In-Step Logic

In-Step Logic is the ability to target a question within a survey to members who participated (or didn't participate) in a previous question from the same survey. You can either retarget at the question level or go further to retarget based on the way members responded to a previous question.

You can Add Logic to a survey question in three easy steps:

Step 1: Click the Add Logic button on the question you want to field to certain respondents. 


Step 2: Using the same process as Previous Action Retargeting, indicate which question you want to target respondents from. 

Note: A key difference between Previous Action Retargeting and In-Step Logic is that In-Step logic only shows previous questions from within the same survey. Previous Action Retargeting would show all launched actions from your dashboard. 

If you are targeting within the Comparison section of a Monadic Survey, you have the option to target previously asked questions or concepts! This allows you to direct questions to respondents who were exposed to specific concepts within a monadic study. Users can toggle within the targeting window to select if they want to target based on questions, response condition, or monadic concept. Because a respondent can only see one concept within a study, targeting monadic concept(s) only allows for OR logic between concepts.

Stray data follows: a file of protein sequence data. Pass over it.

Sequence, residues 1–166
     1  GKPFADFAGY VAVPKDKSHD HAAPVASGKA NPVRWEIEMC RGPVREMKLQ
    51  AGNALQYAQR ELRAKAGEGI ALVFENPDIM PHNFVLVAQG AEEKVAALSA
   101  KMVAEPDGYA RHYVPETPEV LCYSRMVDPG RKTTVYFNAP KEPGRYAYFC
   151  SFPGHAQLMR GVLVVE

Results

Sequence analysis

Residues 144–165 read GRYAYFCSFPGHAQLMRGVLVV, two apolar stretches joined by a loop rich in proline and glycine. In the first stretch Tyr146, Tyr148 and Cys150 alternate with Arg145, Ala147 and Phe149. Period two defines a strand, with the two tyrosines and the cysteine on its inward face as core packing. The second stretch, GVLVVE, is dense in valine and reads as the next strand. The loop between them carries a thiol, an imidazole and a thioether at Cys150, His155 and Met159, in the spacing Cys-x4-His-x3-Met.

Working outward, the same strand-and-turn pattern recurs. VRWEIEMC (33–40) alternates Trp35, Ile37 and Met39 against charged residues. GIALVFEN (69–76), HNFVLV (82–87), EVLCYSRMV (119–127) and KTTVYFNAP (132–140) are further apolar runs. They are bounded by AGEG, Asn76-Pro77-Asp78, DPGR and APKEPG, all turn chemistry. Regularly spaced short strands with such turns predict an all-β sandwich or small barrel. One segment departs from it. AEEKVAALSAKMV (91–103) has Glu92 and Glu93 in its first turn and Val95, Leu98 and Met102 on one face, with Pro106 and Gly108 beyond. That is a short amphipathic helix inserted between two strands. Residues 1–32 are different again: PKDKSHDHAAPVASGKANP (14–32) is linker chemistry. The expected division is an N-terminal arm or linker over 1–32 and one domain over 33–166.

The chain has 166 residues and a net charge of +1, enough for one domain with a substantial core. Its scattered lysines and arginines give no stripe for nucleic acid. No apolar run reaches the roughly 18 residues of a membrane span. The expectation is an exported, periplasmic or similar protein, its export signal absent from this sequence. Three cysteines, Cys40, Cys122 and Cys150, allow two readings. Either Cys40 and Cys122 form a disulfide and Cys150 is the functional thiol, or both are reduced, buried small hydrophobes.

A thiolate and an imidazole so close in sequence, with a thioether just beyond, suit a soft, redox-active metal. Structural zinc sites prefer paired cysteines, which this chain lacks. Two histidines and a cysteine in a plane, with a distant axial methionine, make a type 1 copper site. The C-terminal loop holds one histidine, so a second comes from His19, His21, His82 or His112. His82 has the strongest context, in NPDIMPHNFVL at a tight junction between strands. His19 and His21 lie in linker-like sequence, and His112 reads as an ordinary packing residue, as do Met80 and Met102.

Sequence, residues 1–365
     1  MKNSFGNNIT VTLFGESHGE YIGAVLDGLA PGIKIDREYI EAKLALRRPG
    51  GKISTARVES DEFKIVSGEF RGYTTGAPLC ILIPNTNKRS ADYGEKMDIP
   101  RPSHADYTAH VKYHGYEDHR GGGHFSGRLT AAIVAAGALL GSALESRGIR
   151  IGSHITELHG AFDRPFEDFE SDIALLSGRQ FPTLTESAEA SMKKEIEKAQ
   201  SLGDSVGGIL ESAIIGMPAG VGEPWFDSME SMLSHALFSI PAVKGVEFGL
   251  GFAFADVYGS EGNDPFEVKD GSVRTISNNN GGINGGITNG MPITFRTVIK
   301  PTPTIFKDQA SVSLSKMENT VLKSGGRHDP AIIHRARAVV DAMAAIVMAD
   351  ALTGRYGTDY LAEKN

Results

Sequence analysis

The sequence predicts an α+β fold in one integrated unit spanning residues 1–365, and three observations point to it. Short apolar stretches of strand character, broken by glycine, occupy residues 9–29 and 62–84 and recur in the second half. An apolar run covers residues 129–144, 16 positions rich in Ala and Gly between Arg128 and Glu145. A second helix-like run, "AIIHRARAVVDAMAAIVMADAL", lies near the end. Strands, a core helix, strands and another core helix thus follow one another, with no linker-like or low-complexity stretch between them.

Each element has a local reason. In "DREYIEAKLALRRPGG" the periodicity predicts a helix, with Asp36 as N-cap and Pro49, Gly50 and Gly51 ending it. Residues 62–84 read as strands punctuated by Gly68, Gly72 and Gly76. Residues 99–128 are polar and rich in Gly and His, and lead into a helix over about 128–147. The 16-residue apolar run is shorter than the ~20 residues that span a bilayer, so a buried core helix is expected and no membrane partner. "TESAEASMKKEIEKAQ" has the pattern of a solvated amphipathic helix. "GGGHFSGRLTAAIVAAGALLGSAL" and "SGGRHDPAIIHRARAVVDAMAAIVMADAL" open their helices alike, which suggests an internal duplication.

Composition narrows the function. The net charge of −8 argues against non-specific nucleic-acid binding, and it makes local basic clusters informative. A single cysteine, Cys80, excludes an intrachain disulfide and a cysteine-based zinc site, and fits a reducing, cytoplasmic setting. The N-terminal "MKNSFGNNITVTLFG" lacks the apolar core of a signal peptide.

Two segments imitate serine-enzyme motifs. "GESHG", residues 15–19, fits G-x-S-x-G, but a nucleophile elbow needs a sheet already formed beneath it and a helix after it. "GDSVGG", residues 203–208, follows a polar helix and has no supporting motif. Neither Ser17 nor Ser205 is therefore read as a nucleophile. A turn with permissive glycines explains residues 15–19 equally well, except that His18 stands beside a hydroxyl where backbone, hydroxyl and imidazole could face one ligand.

Step 3: If you want to retarget based on how Members responded to that question, toggle the Target Respondents based on response conditions to this question switch ON. Here, you can target respondents by answer using OR, AND, or NOT logic. Read more about these logic operators below:
OR: the member must have selected at least one of the necessary responses to qualify

AND: the member must have selected all of the necessary responses to qualify

NOT: the member will be excluded from the question if they have selected any of the responses

You can combine logic operators as necessary to target the correct members. 

A quick note on NOT logic: When using NOT logic in conjunction with AND/OR, this causes AND to act as an OR operator, and OR to act as an AND operator. 

For example: 

User wants to exclude respondents who did NOT select both "A" AND "B" this can be achieved with the following logic:

TARGET: NOT A OR NOT B. While it is tempting to program in NOT "A" AND NOT "B", this will result in respondents who selected either "A" OR "B" not qualifying for the question. 

Step 4: Click Save